Diagnosing children with autism spectrum disorder (ASD) is a complicated process. It is a condition with various levels of severity and presents differently with each case. If you suspect your child is displaying behavior related to ASD, it is vital you seek help from your medical practitioner immediately. Early diagnosis of the disorder impacts the future of your child.
Watch for Early Signs
Children with ASD are self-orientated with poor social skills and communication. However, because each child develops at a different rate, you may be unsure of the signs. You should be concerned if your child:
- Shows poor response to people and events
- Avoids eye contact
- Does not want to be picked up or cuddled
- Reacts unusually to smells, tastes, colors, or textures
- Indulges in obsessive or repetitive behavior
- Has frequent temper tantrums
Prepare for Your Appointment
In the interim between contacting your pediatrician and your appointment, it is important that you do something positive. This will help keep your worries at bay. Mayo Clinic advises you take the time to get ready for the appointment. It will be helpful for your appointment if you make a list of medications your child is taking, jot down observations other adults and caregivers have made about his conduct, note any developmental milestones or recent changes, and video record any unusual behaviors or movements.
Your doctor will ask about the following, so be sure to have the information ready.
- If there was a particular behavior or incident that worried you into arranging to see him
- When the behavior first occurred
- Your child's physical health
- When he first crawled, walked, and said his first word
- If anything improves his symptoms
- If anything prompts behavioral problems
- If there is a family history of ASD or other disorders.
Likewise, it is important to prepare questions you may have in advance. Know exactly what you wish to ask. Again, it is a good idea to compile a list. Discuss any questions you have with a family friend or relative and write them down so you don't forget; you may feel emotional and get confused during the interview.
The doctor will give your child a physical examination and refer to his medical history from well-child visits.
At this point, he might use the Modified Checklist for Autism in Toddlers (M-CHAT-R/F) screening tool, which, according to the National Institutes of Health, is an updated screening tool that parents and doctors can employ to measure the extent of a child's autism risk. It is a simple questionnaire you can download before visiting the doctor. It comes with instructions and an algorithm for scoring. However, be aware it loses sensitivity and delivers more false-positives if a specialist doesn't do the follow-up.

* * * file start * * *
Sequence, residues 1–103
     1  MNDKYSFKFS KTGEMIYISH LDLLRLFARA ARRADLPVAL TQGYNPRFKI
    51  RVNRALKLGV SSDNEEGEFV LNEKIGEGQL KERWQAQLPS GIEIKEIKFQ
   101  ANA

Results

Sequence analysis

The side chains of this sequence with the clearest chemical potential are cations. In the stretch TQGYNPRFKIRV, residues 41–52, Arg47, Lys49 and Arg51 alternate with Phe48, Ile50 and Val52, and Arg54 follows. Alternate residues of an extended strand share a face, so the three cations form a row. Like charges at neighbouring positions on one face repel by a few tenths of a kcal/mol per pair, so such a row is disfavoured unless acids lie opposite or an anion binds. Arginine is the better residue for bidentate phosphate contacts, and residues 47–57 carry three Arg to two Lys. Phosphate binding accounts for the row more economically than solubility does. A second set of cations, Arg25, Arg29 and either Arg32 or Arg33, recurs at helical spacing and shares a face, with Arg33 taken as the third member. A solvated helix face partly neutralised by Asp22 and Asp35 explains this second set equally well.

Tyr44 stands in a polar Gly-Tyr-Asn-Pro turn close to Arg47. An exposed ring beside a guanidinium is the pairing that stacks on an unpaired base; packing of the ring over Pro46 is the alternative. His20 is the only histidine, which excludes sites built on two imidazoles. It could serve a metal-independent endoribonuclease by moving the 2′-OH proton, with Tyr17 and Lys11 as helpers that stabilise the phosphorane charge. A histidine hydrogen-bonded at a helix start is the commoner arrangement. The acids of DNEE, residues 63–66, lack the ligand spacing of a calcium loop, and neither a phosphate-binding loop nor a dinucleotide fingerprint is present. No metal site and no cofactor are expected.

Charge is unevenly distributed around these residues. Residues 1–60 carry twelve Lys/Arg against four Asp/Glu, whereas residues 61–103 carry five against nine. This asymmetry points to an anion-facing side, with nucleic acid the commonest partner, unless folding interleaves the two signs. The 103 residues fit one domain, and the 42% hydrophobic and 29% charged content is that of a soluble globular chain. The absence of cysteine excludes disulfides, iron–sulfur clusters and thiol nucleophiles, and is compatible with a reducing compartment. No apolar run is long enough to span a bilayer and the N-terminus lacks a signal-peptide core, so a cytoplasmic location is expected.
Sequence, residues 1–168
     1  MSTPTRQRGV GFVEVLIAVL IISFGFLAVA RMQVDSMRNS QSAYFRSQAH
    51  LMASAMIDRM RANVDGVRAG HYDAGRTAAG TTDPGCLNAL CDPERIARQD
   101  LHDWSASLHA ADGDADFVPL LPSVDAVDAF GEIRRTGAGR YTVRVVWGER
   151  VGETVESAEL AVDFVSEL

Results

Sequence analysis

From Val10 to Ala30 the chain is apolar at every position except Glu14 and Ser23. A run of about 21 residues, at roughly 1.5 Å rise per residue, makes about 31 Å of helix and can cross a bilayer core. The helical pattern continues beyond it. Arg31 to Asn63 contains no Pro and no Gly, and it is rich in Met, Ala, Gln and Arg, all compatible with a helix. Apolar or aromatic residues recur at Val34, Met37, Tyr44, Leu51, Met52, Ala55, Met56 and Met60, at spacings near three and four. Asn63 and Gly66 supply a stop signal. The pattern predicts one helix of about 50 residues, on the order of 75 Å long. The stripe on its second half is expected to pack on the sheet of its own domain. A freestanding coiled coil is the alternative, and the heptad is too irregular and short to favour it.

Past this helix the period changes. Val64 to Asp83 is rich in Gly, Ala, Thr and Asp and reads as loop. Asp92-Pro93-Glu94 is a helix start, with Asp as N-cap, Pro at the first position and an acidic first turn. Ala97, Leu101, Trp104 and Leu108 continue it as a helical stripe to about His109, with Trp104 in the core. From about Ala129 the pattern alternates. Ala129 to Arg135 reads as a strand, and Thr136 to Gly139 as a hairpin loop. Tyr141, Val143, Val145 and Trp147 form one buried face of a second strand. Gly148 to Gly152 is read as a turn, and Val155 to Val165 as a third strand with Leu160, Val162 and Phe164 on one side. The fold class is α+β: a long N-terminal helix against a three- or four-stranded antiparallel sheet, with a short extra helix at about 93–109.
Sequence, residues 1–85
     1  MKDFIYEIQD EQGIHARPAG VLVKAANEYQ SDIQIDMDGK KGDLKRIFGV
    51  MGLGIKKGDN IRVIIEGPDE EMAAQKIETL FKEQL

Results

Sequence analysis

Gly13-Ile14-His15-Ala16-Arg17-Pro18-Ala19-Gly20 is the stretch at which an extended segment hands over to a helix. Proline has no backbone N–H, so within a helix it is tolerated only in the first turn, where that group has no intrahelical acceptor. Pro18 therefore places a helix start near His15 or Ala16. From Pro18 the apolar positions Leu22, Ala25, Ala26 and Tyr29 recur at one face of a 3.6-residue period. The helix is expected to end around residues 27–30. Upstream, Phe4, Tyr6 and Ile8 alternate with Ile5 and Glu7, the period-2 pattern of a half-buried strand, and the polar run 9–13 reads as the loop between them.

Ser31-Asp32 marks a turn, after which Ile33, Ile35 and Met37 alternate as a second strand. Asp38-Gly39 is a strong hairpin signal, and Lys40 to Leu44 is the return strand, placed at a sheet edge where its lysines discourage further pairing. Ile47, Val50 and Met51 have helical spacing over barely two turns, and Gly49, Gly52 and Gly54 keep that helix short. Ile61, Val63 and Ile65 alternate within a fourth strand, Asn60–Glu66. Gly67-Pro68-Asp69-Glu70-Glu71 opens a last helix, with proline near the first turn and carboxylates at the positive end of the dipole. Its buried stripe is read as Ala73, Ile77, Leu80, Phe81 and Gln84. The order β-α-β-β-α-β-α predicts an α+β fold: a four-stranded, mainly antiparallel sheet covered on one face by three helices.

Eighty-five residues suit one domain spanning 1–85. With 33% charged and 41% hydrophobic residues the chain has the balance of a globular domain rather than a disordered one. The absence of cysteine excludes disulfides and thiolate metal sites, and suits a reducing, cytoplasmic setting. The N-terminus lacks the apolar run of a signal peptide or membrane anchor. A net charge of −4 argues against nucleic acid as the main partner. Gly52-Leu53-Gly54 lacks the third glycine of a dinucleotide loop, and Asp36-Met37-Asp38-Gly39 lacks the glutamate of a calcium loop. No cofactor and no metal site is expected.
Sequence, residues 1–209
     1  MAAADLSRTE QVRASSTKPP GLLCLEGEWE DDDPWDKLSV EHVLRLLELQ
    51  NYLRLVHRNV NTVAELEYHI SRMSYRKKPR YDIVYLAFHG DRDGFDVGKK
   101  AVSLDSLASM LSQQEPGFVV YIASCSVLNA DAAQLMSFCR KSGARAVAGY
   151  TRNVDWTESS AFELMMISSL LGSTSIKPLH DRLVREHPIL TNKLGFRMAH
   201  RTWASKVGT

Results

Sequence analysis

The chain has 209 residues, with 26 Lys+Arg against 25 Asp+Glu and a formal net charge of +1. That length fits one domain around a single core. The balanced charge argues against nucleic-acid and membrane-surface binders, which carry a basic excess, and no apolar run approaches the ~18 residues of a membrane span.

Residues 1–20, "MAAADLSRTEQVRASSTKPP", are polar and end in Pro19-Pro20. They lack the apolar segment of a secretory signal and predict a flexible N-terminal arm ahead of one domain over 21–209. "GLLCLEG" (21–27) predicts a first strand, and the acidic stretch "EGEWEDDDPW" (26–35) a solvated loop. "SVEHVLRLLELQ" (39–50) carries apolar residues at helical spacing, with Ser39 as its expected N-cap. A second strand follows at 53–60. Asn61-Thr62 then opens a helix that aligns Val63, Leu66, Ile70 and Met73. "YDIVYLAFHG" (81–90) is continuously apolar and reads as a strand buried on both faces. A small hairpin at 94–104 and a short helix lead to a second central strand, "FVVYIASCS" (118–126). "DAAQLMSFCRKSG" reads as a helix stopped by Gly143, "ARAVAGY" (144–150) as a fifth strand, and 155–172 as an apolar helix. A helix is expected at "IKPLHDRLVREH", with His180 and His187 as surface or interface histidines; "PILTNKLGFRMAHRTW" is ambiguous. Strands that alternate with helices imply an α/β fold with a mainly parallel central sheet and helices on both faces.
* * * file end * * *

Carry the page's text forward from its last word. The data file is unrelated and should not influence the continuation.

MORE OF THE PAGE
Healthline describe the immediate actions the doctor will take following your interview. He'll probably refer you to a specialist team. This will involve:
- Developmental paediatricians
- Child psychologists
- Child neurologists
- Speech and language pathologists
- Occupational therapist
During further testing, specialists use varied screening tools to diagnose ASD. This helps establish your child is suffering from autism and not another disorder that presents in a similar manner. Healthline lists the tools you may come across.
- The Ages and Stages Questionnaires (ASQ) screens social and emotional development.
- The Autism Diagnostic Observation Schedule (ADOS) assesses play, social interaction, and communication.
- The Childhood Autism Rating Scale (CARS) is used by parents and caregivers to rate behavior.
- The Autism Diagnostic Observation Schedule - Generic (ADOS-G) measures social interaction.
- The Pervasive Developmental Disorders Screening Test - Stage 3 checks different elements of child development.
- The Parents' Evaluation of Developmental Status (PEDS) is a tool parents use to detect early behavioral and developmental problems.
- Parents, teachers, and clinicians use the Gilliam Autism Rating Scale to rate the level of autism.
- Community service providers use the Screening Tool for Autism in Toddlers and Young Children (STAT) in intervention settings to screen children aged two to three years.
Experts may use these tools in combination and can administer them for children starting at an early age.
Specialists may also ask you to allow your child to undergo genetics testing to discover whether this is a contributing factor to your child's disorder. If genetic abnormality is significant, it could indicate inherited factors and point to other family members having the same problem.
Once you have a diagnosis, ask your health-care professionals for an action plan.
Since ASD is a broad spectrum disorder that resembles many others, it is advisable to screen in several areas. Autism Society provides a useful page of links to different disorders and syndromes that may show similar symptoms to autism.
For all parents, seeking a diagnosis for ASD is a difficult journey into the medical field. It is important to prepare yourself by talking to professionals and others in your situation. The sooner you get the assistance you need, the better it is for your child because an early identification will help reduce the problems he faces later in life.